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midareff
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Re: trip to Grand Cayman & dieting

Post by midareff » Mon Oct 15, 2018 8:59 am

Jags4186 wrote:
Sun Oct 14, 2018 7:47 pm
My rule is don’t worry about dieting on vacation. Otherwise you know exactly what you need to do. The keep your mouth shut diet hasn’t failed.
I try my best to avoid too much weight gain on trips.. we cruise frequently so it's an issue. You just have to give something up IMHO. I'm not giving uthe wine (Viking knows how to do wine) so that leaves out bread and deserts except for something special, but certainly not daily. I find that protein and vegetables with vigorous activity and exercise on shore excursions mixed with red wine while skipping bread, potatoes and such as well as deserts will being me back about the same weight I left at.

Jags4186
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Re: trip to Grand Cayman & dieting

Post by Jags4186 » Mon Oct 15, 2018 9:07 am

midareff wrote:
Mon Oct 15, 2018 8:59 am
Jags4186 wrote:
Sun Oct 14, 2018 7:47 pm
My rule is don’t worry about dieting on vacation. Otherwise you know exactly what you need to do. The keep your mouth shut diet hasn’t failed.
I try my best to avoid too much weight gain on trips.. we cruise frequently so it's an issue. You just have to give something up IMHO. I'm not giving uthe wine (Viking knows how to do wine) so that leaves out bread and deserts except for something special, but certainly not daily. I find that protein and vegetables with vigorous activity and exercise on shore excursions mixed with red wine while skipping bread, potatoes and such as well as deserts will being me back about the same weight I left at.
Yes, I could see if you are someone who goes on cruises every 3 months that it could be an issue. I also rarely if ever go to all inclusive so I’m still ordering all my food.

If I go on a beach trip usually first thing we do is stop by a super market and get granola bars or something for breakfast (I could care less about break buffets, etc.) then get something simple for lunch—sandwich by the pool or along those lines—then you can all out at dinner and not too much damage. If you’re not boozing then you’re already wayyyy ahead of the game.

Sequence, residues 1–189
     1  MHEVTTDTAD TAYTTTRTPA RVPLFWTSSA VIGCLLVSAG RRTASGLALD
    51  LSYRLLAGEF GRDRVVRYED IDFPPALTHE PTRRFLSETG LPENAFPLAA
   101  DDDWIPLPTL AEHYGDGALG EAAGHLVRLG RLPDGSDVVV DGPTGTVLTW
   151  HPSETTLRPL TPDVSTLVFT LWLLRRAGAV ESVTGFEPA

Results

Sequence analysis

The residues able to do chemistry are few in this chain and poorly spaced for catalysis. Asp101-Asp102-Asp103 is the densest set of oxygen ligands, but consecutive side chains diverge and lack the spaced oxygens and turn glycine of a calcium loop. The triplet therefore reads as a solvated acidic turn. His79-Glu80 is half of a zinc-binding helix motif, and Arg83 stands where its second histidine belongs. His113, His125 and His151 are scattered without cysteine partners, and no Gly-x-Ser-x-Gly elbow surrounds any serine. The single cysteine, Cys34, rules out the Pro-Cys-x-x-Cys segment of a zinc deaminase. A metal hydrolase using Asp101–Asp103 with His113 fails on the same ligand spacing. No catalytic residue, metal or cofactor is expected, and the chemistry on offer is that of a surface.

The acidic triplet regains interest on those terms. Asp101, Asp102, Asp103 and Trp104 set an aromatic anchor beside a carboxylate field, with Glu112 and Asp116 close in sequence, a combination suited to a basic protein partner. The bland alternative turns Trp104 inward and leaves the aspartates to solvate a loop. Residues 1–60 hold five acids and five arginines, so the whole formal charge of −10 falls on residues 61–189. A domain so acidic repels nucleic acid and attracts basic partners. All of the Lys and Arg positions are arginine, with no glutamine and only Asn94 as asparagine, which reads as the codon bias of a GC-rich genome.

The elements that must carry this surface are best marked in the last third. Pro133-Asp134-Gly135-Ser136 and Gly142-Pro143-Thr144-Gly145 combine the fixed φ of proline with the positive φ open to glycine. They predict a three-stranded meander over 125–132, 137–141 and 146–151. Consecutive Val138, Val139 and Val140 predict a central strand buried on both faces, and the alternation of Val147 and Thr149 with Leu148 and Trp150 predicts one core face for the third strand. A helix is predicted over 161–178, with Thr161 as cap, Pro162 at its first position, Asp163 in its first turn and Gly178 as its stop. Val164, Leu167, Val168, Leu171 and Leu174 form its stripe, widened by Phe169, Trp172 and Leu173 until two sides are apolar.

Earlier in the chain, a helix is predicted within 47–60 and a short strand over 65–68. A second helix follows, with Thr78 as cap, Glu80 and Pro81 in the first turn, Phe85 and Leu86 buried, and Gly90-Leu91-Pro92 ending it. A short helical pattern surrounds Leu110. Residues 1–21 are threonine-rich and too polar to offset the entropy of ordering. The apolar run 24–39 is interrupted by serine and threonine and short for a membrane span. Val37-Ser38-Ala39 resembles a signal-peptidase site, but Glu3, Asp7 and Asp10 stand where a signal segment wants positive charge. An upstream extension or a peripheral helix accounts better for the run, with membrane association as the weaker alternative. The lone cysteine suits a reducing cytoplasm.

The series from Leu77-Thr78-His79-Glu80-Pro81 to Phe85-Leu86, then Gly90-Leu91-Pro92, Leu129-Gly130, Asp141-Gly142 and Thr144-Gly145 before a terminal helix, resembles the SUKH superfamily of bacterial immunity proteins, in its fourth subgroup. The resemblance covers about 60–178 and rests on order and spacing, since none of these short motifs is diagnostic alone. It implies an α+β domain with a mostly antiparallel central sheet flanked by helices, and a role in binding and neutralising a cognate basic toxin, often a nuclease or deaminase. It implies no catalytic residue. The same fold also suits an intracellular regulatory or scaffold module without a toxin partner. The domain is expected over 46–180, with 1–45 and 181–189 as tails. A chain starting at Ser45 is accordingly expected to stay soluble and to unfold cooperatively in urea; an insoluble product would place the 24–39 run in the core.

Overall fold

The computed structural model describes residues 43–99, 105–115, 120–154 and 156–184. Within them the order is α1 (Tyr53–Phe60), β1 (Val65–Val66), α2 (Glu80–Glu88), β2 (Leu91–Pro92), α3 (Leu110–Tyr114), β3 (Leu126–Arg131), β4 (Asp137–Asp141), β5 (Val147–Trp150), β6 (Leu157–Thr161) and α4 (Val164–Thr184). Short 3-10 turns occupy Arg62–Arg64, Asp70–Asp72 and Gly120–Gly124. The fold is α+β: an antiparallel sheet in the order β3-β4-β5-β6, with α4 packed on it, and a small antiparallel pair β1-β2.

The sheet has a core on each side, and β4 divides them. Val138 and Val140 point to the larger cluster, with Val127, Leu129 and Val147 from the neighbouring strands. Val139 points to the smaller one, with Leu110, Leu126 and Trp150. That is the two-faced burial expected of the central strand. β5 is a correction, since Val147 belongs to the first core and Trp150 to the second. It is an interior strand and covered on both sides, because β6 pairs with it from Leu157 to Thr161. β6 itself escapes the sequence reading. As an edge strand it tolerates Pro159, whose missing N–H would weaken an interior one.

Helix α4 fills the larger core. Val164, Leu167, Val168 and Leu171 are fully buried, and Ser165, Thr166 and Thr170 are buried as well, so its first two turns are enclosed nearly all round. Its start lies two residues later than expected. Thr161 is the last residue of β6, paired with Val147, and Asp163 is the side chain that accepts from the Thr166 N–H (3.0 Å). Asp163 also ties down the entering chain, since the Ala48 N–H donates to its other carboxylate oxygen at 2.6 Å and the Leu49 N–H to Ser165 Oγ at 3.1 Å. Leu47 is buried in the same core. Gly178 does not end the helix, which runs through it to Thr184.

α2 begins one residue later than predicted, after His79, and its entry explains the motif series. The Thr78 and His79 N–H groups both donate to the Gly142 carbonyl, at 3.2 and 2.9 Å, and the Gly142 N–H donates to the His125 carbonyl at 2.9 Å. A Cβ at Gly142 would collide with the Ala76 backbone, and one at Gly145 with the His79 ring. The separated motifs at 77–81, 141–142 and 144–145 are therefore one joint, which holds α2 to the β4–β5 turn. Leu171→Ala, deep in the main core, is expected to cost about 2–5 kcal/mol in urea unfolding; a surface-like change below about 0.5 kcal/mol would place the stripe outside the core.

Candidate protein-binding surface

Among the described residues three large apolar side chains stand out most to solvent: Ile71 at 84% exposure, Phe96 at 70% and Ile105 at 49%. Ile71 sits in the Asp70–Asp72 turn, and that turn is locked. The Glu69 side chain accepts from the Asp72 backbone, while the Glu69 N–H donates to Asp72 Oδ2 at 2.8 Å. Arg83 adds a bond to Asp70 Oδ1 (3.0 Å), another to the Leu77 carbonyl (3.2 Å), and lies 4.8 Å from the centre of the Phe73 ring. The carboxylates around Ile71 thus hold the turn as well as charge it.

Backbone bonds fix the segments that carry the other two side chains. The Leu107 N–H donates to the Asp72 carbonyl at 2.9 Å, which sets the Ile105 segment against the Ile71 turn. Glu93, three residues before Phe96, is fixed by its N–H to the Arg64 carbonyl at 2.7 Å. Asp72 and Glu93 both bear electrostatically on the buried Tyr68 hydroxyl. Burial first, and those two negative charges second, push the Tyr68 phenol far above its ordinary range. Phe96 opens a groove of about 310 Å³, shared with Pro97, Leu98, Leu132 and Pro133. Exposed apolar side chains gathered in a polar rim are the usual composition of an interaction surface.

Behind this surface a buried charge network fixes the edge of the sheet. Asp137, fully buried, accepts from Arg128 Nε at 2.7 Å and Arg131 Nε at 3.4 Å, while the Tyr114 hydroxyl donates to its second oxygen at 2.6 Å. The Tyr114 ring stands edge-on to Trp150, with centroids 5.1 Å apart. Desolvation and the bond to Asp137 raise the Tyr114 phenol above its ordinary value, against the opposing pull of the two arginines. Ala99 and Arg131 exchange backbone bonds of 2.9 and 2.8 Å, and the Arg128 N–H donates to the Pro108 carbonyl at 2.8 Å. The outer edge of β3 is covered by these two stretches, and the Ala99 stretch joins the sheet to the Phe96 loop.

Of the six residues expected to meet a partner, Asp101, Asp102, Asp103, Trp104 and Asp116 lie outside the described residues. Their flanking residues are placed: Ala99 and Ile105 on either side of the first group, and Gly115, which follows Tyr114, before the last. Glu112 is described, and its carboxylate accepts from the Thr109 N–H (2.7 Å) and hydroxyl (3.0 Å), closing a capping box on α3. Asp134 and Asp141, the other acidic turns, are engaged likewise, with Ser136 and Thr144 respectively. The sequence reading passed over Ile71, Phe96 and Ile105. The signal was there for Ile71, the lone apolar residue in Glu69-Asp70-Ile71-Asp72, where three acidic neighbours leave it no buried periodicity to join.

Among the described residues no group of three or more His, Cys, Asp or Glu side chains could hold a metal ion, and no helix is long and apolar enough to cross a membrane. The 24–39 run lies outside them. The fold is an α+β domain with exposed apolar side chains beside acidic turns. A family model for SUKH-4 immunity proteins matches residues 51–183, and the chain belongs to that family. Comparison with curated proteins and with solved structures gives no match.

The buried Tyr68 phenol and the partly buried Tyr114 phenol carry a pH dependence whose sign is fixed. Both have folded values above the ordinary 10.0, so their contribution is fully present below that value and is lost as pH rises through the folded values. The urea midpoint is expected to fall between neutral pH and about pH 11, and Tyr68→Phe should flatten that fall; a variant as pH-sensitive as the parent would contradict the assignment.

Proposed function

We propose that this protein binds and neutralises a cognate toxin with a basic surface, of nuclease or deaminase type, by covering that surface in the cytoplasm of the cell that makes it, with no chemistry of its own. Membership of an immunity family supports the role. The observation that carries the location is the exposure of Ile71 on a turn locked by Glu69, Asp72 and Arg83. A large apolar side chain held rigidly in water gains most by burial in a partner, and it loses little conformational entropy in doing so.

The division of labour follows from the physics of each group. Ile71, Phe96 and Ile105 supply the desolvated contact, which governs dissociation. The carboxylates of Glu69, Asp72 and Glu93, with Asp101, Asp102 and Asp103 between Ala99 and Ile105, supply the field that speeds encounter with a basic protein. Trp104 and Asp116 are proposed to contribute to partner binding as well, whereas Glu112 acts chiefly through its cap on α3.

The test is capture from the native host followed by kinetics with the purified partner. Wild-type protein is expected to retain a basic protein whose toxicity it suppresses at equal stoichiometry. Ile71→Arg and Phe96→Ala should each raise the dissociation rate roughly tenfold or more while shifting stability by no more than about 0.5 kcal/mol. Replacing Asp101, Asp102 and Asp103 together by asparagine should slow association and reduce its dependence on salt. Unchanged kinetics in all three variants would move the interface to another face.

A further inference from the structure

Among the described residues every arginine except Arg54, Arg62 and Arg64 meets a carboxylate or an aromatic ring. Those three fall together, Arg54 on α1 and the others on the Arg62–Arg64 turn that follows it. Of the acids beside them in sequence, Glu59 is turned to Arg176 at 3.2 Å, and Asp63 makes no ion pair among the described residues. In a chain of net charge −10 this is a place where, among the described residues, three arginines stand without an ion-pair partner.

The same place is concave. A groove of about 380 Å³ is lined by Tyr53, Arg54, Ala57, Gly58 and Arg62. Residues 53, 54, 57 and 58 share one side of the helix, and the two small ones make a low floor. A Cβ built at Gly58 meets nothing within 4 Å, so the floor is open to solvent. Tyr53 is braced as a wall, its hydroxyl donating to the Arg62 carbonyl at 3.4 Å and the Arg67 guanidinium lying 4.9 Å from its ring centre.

Kennedy
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Re: trip to Grand Cayman & dieting

Post by Kennedy » Mon Oct 15, 2018 10:46 am

Cycle wrote:
Mon Oct 15, 2018 7:34 am
Kennedy wrote:
Sun Oct 14, 2018 8:34 pm
Cycle wrote:
Sun Oct 14, 2018 8:18 pm
Skipping meals is often easier than just restricting portions, I've found. So you would just order a drink for breakfast/lunch and then eat like a king for dinner.

I do this 5 days a week, been doing it for a year. The previous year was the same, but a tin of sardines and an avocado for lunch. It's very sustainable.
I'm curious what happened with your weight when you ate the sardines and avocado for lunch? Why did you stop this?
Nothing, weight wise, I've always weighed approximately the same in adulthood.

I stopped after a little experimentation with intermittent fasting. I realized you only need to eat one meal a day, and after a couple of weeks your body has no food cravings during the day. Breakfast and lunch are optional. I eat them on the weekend for social reasons.

Your body has what it needs to go days without eating. I ran a marathon the other day fasted, no lack of energy during that.
Now I'm curious what happened with your weight when you stopped the sardines/avocado lunch. Did you lose weight by eating just one meal a day?

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HomerJ
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Re: trip to Grand Cayman & dieting

Post by HomerJ » Mon Oct 15, 2018 11:44 am

I have recently discovered the secret to weight loss.... for me.

Eating slow.

So, I eat what I want, but I take a bite, put down the fork, wait a minute or two, take another bite. 20 minutes later, I feel full, and I enjoyed the taste of good food for the entire 20 minutes.

I've dieted before, but it was always painful for me. If we were grilling hamburgers at the lake, I'd eat one in 5 minutes, it would taste so good, I'd want another one, and I'd have to suffer through using will power to fight off the urge to eat another.

Now I eat one, taking 15 minutes. I can look forward to another bite throughout the entire 15 minutes, so I don't have to fight my desire for more of that good taste, because I'm going to get another bite here in a minute, AND my stomach has time to send the full signal to my brain.

Talking with a group at a restaurant, eating slow should be fairly easy, since there's plenty of to do besides eat. You may get some comments about leaving food on your plate, it's true.